I’m amazed by marathon runners. They train in a way that addresses more than just their physical abilities. To run that long of a race, they have to prepare physically, mentally, and emotionally. As homeschooling moms, we have to do the same because the decision to homeschool means we have to build endurance. Homeschooling is definitely a marathon, not a sprint. So how can you train in such a way that helps you finish strong?
1. Consider How You Want to Teach
We often hear about individualizing our children’s education. It’s one of the benefits of homeschooling. At times that takes sacrificing what we want for what is best for them, but if we don’t find a balance we will burn out. For the most part, you have to find a way to homeschool that works for both you and your children.
To do that, it might take some trial and error. You’ll probably buy some resources that you never use, but you can consider that an investment in your education. One thing for sure though, try some different methods, even ones that don’t draw you immediately, so you can find the best fit for your entire family, including you.
2. Take Teacher Workdays
There’s a reason schools have teacher workdays! An occasional teacher in service day will give you the chance to take some time to catch up, plan, and do a little dreaming. You’re kids can either have a day off or have their own catch-up day. If they do take the day off, be sure to have some fun activities they can do without your direct involvement so you can truly use the time to benefit your homeschool.
Public school teachers usually spend their workdays doing some sort of training. You can do the same by investing in books on homeschooling and education. And from experience, I can tell you that I learned far more from these types of books than I did in my years as a public school teacher.
3. Have Fun with Your Kids
Education doesn’t need to be boring for you or your kids. Mix it up to keep interest high by playing board games, cooking, watching great videos, going on field trips, doing experiments, and making some hands-on projects. Many times there is as much value in the experience as there is in the actual project. And there’s an added bonus in these types of activities. You’ll find that you are building strong family relationships as you learn, laugh, and have fun together.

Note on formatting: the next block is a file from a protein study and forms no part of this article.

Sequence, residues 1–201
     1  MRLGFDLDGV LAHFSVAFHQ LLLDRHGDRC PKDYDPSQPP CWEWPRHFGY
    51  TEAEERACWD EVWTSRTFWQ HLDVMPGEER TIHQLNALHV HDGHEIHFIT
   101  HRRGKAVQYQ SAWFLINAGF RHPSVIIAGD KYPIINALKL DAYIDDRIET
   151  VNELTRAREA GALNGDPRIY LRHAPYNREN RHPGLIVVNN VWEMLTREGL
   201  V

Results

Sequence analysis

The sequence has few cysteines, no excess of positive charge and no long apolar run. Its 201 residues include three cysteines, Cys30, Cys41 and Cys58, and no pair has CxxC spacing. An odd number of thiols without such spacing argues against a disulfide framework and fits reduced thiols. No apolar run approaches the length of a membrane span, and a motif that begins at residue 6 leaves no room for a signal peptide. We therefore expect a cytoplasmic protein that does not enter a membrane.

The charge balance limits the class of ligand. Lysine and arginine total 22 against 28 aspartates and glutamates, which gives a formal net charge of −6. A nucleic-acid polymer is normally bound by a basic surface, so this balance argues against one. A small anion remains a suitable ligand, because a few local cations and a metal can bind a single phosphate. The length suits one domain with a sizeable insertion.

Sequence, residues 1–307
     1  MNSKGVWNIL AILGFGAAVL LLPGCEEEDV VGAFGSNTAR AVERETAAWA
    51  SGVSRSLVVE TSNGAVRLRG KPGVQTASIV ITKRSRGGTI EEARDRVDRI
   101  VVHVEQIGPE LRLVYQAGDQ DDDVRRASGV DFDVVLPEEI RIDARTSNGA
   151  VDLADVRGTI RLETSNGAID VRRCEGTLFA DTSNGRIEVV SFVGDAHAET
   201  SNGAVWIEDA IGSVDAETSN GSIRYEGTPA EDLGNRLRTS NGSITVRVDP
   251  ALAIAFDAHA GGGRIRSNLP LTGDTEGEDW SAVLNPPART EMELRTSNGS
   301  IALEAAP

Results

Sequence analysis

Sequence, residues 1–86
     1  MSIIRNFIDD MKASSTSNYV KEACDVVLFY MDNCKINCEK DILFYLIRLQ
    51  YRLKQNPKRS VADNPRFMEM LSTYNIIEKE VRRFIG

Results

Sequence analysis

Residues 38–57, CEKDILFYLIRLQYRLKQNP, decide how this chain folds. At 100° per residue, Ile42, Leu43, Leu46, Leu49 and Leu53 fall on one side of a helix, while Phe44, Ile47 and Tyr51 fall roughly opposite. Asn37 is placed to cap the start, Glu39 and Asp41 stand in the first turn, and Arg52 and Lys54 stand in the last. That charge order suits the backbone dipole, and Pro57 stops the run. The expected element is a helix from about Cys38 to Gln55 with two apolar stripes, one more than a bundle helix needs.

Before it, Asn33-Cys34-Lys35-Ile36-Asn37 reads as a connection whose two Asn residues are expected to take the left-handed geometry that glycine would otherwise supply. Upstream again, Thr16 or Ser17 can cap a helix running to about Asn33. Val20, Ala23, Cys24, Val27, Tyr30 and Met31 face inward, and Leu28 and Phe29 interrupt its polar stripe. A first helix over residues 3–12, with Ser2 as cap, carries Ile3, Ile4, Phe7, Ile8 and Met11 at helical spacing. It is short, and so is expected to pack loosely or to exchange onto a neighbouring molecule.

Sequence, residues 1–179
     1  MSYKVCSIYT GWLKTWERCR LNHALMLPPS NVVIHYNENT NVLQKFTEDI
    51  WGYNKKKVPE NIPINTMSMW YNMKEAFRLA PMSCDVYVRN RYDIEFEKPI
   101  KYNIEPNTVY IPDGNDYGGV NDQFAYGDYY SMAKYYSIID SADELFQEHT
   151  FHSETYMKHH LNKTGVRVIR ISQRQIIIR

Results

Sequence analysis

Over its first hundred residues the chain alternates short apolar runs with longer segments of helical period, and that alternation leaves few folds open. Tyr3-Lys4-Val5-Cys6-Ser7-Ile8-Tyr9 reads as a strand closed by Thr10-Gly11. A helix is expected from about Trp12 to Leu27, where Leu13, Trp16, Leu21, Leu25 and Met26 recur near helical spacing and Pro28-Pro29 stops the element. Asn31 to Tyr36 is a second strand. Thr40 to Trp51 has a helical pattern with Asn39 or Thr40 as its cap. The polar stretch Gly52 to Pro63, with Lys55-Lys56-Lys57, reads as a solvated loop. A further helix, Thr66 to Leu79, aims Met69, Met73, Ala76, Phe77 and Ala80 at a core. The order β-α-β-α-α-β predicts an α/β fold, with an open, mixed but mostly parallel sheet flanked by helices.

4. Get into modeling.
Nope…not the kind where you spend a lot of time in front of a camera. Often we don’t consider the impact modeling a desired behavior has on our children. When they see you learning, then they are more likely to value it too. When they see you pick up a book to read for fun, they are more likely to do the same. When they see you…well you get the idea. And the best part: living out those things you desire to teach them means you get the benefit from those habits too.It’s about being a life-long learner, the very thing we desire for our children. And one of the things you’ll want to model for your children is to do something you love.
5. Do something you love.
You can’t neglect yourself if you are going to run the homeschooling marathon. I can’t emphasize enough how important it is that you continue to grow personally—whether it’s learning a hobby, developing a skill, or building a side business. Your kids will benefit (see #4) as they see you pursue your own interests. You’ll understand your children’s struggle as they engage in learning new things as well.
And you never know how developing those interests and skills will be a part of your future. It was during our years homeschooling that I began to write…something I would have never considered doing. Though homeschooling is a marathon, the race does eventually end, and you may want to start a different kind of one.